Château Fleur de Lisse welcomes Barthélémy Toguo for a new exhibition: Chroniques du vivant, curated by Constance Rubini, director of the Musée des Arts Décoratifs et du Design in Bordeaux. After working in France at the Manufacture de Sèvres and in China at Jingdezhen, the two capitals of world porcelain, the artist is now in Malaga, in the south of Spain, to decorate the amphorae on display at Château Fleur de Lisse. He has chosen a theme that is close to his heart: ecology and the earth. The earth, the nourishing mother, echoes the terroir of Saint-Emilion. A meeting.
Barthélémy Toguo painting on the amphora. Photo HdM GALLERY
The migrant crisis, climate change, pandemics, political conflicts... despite the tragedies they reflect, your works retain an inexhaustible faith in life. How do you cultivate this energy?
My work is nourished by its own energy. Although I deal with serious and grave subjects, such as migration issues, I always do so through the question of flows. Each of us, as well as our world, is crossed by these currents that connect us and send us back to our own nature. In my work, in which life occupies an important place because it is the basis of everything, identity and freedom are only made possible by its flows and by the energy that inhabits each of the figures and each of us. To cultivate this energy is simply to be aware of it and to become conscious of it, because it is the true root of our humanity.
They say you are an impatient and bulimic artist, a marathon runner, a rebel by nature... and you, what would you say?
Rebellious, I don't know. I think I am first and foremost a curious artist, always looking to know more, to see more, to meet more. That's how my art is nourished: by encounters, visual discoveries and work. Impatient, no doubt, because our world does not wait.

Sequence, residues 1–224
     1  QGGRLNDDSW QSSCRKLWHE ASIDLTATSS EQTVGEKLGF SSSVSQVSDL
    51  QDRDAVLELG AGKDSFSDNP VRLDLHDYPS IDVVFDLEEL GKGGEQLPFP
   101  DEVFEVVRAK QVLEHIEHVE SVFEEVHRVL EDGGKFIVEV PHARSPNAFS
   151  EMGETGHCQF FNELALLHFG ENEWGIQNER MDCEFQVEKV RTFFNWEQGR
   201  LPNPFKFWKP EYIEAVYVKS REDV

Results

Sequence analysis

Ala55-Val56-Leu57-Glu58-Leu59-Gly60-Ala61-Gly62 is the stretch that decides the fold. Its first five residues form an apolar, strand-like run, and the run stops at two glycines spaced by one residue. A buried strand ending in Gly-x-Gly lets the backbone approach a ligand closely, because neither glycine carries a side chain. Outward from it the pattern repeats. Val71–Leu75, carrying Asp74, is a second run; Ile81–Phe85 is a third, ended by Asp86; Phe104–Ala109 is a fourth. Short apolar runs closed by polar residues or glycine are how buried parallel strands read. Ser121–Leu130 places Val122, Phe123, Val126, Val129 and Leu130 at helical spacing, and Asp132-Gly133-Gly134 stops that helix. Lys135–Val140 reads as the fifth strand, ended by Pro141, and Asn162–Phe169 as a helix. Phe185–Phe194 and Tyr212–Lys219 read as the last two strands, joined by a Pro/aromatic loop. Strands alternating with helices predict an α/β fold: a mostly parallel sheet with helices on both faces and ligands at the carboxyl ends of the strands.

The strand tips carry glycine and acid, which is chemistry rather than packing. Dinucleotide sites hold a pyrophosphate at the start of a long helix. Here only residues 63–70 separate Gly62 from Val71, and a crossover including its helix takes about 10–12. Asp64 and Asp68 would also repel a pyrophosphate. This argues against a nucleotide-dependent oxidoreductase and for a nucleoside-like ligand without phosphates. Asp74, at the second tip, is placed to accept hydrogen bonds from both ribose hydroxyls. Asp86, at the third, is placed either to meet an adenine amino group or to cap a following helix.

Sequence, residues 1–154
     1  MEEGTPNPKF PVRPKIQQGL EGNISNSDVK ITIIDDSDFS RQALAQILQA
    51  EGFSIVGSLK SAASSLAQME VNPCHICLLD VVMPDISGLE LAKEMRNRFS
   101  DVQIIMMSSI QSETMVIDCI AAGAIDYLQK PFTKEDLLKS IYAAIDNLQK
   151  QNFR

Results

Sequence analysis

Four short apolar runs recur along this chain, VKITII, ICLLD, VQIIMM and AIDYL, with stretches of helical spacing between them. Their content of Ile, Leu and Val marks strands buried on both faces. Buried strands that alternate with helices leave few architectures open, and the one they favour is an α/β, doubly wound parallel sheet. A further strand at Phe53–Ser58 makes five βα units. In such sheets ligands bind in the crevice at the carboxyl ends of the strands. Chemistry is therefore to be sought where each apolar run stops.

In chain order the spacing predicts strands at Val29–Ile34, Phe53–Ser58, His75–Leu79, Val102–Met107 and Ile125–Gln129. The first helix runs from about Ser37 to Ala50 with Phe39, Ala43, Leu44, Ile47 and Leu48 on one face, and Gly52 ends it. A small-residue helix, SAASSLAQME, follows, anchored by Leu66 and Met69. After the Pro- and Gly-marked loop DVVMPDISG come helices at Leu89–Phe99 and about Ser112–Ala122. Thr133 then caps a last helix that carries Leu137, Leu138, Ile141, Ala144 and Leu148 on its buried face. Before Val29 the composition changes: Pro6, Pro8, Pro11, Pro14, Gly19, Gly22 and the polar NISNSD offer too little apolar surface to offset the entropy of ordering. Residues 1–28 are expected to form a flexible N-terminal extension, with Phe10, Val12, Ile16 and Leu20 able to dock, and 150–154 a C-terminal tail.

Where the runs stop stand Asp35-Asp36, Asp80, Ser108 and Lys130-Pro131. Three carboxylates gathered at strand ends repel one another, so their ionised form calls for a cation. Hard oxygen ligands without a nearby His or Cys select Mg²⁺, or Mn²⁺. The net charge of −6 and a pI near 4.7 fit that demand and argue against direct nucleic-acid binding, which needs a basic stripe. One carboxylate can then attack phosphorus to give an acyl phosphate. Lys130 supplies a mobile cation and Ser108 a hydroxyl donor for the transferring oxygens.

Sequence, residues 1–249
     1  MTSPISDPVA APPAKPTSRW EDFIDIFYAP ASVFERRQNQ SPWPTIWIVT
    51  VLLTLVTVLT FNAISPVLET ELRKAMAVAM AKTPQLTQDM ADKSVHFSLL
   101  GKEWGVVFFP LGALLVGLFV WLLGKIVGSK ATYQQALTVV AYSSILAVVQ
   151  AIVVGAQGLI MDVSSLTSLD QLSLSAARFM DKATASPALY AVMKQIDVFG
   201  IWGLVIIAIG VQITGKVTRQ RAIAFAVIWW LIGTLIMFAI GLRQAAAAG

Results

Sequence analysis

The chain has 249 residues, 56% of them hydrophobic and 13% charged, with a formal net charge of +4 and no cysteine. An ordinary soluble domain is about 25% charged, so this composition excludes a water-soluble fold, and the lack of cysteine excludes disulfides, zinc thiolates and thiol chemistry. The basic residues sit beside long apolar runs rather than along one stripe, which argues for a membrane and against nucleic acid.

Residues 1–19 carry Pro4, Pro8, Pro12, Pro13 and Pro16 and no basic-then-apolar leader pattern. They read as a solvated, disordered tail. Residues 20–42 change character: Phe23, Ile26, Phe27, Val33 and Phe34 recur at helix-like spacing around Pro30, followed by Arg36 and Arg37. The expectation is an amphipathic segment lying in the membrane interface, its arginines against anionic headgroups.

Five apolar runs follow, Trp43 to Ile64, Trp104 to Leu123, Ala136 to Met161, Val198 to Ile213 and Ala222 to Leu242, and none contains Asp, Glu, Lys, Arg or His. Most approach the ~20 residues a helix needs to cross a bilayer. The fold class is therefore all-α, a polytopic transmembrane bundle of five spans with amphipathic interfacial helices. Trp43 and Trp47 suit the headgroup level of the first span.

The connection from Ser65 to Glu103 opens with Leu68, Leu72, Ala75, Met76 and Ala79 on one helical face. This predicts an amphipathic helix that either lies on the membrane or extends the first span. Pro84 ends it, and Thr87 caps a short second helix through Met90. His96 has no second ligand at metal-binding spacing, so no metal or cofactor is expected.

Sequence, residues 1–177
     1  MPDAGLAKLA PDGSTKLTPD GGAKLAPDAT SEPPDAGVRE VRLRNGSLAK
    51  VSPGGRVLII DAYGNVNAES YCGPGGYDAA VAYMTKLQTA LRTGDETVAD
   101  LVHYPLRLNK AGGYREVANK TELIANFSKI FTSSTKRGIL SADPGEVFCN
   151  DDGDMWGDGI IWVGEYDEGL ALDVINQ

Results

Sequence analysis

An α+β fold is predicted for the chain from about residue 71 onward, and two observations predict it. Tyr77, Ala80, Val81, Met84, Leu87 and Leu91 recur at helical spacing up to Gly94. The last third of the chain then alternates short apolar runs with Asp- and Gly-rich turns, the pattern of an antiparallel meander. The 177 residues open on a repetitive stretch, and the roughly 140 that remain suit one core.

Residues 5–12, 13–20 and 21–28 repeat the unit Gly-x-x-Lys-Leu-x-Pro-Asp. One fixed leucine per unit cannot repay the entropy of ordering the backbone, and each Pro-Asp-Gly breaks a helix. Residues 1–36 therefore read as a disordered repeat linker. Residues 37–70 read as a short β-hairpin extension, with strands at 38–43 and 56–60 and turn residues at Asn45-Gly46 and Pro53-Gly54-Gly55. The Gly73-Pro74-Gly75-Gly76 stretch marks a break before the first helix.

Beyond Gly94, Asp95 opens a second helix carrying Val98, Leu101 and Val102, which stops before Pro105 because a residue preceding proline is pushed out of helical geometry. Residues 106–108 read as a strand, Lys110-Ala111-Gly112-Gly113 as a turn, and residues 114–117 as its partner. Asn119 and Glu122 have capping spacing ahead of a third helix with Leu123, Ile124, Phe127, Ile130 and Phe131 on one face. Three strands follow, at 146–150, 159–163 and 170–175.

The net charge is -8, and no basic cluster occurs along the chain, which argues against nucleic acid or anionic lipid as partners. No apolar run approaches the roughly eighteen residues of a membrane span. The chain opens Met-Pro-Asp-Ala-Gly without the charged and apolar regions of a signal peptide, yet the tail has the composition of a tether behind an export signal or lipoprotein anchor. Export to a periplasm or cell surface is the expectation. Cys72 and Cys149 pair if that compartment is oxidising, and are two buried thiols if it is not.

Painting, drawing, watercolour, sculpture, ceramics, performance, photography, video... your works explore all media. How do you maintain this multidisciplinary freedom?
It came naturally to me. Through photography and performance I have been able to explore my body and the human body in many different ways: physical, carnal, spiritual. The work I do today is deeply nourished by those early works, because they refer directly to the notion of the physical body and the mind. I also believe that each medium allows me to best express the great diversity of identity, history and symbolism in the idea of culture. For me, all this is very much connected.
As a nomadic artist, always in touch with world events, where do you create best?
I work mainly in my studio in Paris, but also in Cameroon at Bandjoun Station. As I travel a lot, my ideas often come from encounters outside my studio and, if you think about it, the real source of my art, even the material, is outside my studio. This is the case with the bundles of fabric that made up my work at the Louvre this year, which came from African markets.
In 2021 you will be a UNESCO Artist for Peace, what message would you like to send today?
The nomination was a very important moment for me. It was a recognition both as a citizen and as an artist. The idea I wanted to convey through my art is first and foremost that of transmission. Human dignity, education, respect: all this really comes from the idea of transmission, through which we can grow roots and become who we are. Our world needs human exchange more than ever.